BEIJING—On a Saturday morning in late August, about a dozen university students, professors, and middle-aged Beijing locals stand by a row of apartments in northwestern Beijing. Once an outskirt of the city known for its natural springs and reed-filled ponds, the area now looks just like another part of the sprawling capital: wide roads lined with set-back buildings, crowded with pedestrians. It’s home to some of China’s best schools, Peking and Tsinghua universities. One member of the group—an environmental society called the Green Earth Volunteers, led by one of China’s most well-known environmentalists, Wang Yongchen—asks a local if he knows how to get to the Wanquan River.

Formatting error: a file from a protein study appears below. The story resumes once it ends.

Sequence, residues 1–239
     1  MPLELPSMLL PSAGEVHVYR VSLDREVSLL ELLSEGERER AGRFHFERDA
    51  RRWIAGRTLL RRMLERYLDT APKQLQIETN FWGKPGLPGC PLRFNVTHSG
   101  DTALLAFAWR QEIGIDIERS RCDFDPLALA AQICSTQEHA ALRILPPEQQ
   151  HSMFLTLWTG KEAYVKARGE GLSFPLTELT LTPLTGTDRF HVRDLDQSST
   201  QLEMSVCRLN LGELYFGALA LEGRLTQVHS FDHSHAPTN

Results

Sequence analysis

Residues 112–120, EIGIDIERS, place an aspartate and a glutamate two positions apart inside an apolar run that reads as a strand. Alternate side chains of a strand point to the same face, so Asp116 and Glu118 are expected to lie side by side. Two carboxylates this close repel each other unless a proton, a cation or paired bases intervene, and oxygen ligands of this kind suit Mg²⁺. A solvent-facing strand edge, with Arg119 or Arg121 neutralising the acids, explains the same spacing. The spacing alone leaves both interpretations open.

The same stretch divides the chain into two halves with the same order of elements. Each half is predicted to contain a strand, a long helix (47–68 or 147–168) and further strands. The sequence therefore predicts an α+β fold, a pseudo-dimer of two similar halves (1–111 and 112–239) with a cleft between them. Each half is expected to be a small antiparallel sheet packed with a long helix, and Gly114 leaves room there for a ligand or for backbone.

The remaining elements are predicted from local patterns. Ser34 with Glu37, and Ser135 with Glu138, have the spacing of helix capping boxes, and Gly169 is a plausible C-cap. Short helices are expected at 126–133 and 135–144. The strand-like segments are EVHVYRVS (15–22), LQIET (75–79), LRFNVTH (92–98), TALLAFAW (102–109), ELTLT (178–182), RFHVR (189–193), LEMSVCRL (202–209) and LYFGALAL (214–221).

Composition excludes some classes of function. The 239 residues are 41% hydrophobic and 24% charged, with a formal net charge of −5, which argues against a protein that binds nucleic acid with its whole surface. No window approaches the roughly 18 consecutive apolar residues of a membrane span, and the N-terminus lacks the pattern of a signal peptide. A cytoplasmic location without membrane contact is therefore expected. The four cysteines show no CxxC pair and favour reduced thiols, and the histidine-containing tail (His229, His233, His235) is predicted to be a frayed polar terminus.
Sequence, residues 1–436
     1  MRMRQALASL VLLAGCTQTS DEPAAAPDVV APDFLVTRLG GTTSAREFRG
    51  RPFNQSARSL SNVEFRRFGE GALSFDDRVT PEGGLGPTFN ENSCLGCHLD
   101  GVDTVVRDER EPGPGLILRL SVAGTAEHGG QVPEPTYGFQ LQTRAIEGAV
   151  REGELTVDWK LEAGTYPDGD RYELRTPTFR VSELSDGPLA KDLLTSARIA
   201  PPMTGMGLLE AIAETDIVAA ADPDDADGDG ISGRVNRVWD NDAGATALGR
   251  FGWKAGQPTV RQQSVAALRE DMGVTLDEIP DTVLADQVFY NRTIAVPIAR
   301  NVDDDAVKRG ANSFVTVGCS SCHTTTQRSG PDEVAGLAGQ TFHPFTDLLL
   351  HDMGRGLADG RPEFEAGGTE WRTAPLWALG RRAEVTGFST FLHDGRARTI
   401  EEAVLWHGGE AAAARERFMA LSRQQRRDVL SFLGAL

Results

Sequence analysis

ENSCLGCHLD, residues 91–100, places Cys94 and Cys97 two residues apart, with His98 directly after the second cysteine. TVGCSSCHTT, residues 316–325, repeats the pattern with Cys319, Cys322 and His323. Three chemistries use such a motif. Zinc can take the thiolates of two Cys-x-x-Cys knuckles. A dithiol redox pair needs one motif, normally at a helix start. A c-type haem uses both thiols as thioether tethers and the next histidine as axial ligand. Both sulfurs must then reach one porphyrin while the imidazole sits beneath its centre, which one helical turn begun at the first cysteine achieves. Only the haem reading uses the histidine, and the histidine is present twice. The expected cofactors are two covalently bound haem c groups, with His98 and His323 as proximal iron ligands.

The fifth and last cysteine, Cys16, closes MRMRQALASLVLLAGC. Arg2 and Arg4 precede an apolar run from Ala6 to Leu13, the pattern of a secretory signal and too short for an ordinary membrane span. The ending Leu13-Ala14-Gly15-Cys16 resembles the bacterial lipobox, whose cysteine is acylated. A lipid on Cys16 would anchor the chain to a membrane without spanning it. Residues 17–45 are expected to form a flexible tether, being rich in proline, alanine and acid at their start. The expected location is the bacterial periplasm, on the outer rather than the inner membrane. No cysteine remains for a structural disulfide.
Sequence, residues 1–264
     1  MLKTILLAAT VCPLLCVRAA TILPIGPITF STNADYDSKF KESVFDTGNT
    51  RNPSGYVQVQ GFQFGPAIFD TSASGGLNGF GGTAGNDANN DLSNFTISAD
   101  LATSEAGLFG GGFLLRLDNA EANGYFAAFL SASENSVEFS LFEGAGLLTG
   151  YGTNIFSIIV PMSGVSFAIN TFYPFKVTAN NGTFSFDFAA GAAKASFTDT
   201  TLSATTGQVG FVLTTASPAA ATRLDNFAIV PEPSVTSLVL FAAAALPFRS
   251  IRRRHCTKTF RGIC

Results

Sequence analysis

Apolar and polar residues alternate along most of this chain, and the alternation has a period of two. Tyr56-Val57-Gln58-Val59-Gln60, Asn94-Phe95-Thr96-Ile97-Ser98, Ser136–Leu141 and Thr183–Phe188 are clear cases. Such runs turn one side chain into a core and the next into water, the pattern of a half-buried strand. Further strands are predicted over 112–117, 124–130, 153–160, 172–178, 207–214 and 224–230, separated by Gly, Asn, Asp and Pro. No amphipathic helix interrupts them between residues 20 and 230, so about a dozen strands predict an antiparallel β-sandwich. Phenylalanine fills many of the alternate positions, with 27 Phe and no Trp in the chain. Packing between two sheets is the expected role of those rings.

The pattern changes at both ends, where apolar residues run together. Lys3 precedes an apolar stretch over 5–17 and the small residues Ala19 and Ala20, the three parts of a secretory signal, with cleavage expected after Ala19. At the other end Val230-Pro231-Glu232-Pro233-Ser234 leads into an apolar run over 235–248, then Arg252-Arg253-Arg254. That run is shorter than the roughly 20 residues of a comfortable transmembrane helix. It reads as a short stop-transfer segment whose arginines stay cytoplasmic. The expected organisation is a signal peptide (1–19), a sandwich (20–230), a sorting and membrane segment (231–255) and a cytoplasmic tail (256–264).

“That’s a river?” the man asks, and offers directions to what he says is a nearby ditch that sometimes puddles. After a few minutes, the Green Earth Volunteers arrive at a narrow canal holding a few centimeters of water. The bed of the Wanquan, which means “ten thousand springs,” is now paved over with concrete, the result of attempts to keep water from soaking into the ground when the canal was full. A pipe, once used to carry water into the small river, lies exposed to the sun, as do patches of dry ground. Ivy creeps along the sides of the canal, as if trying to reach what’s left of the water.